RTTNews - U.K. real gross domestic product would fall by just over 4% in 2009, but should start to pick up later this year and into next year, with modest average growth of around 0.5% in 2010, the latest economic outlook from the global professional services firm PricewaterhouseCoopers LLP showed Tuesday.

Destocking made a major contribution to the very sharp fall in GDP in Q4 2008 and Q1 2009 and the reversal of this stock adjustment could lead to quarterly GDP growth becoming positive again before the end of 2009, it said.

At the same time, the PwC warned that there is a risk of a temporary relapse into negative growth in early 2010 due to spending being brought forward to before the rise in VAT back to 17.5% from 1 January 2010.

Consumer spending is forecast to fall by around 3.5% this year in real terms. A further but much smaller real decline is expected in 2010, with only a gradual recovery thereafter.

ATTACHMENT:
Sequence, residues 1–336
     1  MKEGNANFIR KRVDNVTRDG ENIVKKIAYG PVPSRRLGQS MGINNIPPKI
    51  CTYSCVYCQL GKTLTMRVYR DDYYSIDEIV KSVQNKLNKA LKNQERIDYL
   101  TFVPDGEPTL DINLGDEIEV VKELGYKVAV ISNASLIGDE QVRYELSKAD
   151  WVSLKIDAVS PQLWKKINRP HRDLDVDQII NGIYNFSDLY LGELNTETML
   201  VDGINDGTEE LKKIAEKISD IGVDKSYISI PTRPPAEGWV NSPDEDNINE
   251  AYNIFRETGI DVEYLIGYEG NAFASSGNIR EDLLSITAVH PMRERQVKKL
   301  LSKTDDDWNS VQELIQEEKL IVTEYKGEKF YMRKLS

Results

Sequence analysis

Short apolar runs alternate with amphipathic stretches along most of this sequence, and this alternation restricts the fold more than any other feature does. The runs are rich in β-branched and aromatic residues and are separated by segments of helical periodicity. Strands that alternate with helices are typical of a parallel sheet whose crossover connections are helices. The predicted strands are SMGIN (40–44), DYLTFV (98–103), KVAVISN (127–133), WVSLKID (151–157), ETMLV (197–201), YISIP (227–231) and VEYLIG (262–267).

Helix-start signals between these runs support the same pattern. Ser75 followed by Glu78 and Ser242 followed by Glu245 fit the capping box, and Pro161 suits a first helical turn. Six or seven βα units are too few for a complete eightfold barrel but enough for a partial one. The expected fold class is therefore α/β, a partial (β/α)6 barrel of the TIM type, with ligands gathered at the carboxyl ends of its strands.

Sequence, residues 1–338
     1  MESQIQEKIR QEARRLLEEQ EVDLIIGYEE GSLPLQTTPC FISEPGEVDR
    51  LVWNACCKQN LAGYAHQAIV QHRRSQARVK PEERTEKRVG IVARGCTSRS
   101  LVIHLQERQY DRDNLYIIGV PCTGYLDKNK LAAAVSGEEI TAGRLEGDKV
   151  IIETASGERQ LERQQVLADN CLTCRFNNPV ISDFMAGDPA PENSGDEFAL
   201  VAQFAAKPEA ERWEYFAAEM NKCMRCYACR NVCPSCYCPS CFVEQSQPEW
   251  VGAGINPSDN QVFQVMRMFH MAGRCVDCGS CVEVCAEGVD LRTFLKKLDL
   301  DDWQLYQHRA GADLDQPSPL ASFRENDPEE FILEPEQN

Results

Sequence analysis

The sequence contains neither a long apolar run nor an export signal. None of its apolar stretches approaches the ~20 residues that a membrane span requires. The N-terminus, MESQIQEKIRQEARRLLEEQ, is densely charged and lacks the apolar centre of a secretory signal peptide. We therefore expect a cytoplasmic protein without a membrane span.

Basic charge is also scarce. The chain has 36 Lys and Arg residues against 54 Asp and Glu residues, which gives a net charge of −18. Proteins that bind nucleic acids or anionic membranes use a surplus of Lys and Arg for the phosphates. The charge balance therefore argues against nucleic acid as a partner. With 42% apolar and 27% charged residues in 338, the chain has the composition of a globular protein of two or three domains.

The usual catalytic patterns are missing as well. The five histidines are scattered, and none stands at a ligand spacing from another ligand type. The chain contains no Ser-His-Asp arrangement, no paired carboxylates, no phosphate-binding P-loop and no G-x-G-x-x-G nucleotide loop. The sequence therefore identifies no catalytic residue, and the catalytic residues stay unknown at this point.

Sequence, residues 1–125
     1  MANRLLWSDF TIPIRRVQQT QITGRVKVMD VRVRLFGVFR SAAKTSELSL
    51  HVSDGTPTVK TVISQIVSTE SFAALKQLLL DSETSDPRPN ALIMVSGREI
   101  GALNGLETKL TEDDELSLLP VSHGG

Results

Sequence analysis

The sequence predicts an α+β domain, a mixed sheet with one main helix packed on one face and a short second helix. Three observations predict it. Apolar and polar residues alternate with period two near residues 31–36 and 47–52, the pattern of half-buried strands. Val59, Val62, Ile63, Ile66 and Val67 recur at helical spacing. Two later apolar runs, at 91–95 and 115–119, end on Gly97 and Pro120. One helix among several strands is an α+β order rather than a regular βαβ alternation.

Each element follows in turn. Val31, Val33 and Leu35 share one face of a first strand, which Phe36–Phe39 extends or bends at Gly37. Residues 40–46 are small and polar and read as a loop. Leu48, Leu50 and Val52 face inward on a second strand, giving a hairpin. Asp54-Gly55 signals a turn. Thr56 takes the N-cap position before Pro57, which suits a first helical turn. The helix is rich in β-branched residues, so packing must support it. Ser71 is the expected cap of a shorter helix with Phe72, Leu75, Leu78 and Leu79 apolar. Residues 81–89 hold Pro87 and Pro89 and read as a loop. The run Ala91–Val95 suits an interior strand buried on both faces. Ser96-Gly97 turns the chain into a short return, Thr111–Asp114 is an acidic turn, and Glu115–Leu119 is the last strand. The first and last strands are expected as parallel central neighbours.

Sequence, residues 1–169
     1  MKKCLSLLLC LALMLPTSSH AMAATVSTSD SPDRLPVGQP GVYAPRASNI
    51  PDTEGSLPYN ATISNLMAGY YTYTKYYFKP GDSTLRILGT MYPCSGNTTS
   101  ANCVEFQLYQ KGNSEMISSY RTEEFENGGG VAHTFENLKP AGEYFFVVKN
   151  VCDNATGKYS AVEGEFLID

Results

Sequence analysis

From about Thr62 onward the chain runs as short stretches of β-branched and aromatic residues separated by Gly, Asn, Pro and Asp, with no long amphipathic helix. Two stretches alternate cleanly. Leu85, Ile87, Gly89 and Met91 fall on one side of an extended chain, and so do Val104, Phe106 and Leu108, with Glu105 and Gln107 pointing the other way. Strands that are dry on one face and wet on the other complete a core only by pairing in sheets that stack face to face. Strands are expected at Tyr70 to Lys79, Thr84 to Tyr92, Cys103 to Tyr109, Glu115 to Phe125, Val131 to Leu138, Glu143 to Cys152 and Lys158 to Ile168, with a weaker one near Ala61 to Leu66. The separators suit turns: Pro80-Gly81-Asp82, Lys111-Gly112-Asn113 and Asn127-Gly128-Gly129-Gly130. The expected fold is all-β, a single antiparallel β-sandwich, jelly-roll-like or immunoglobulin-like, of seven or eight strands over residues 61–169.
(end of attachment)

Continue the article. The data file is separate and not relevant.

Public spending growth will remain positive in real terms in 2009 and 2010, but need to be cut back in the medium term. Budget deficit is projected to rise to over 12% of GDP in 2009/10 and remain around that level in 2010/11, the PwC said.

The report suggests that significant tax rises are also likely to be needed from 2011 onwards, over and above what the government has already announced.

Moreover, the PwC said despite tentative signs of recovery, house prices could still fall further next year, though the pace of decline should be slower than over the past 18 months.

With mortgage lending and housing transaction levels remaining subdued and with unemployment likely to continue rising for some time, average UK house prices are likely to fall further between 2009 and 2010, it said.

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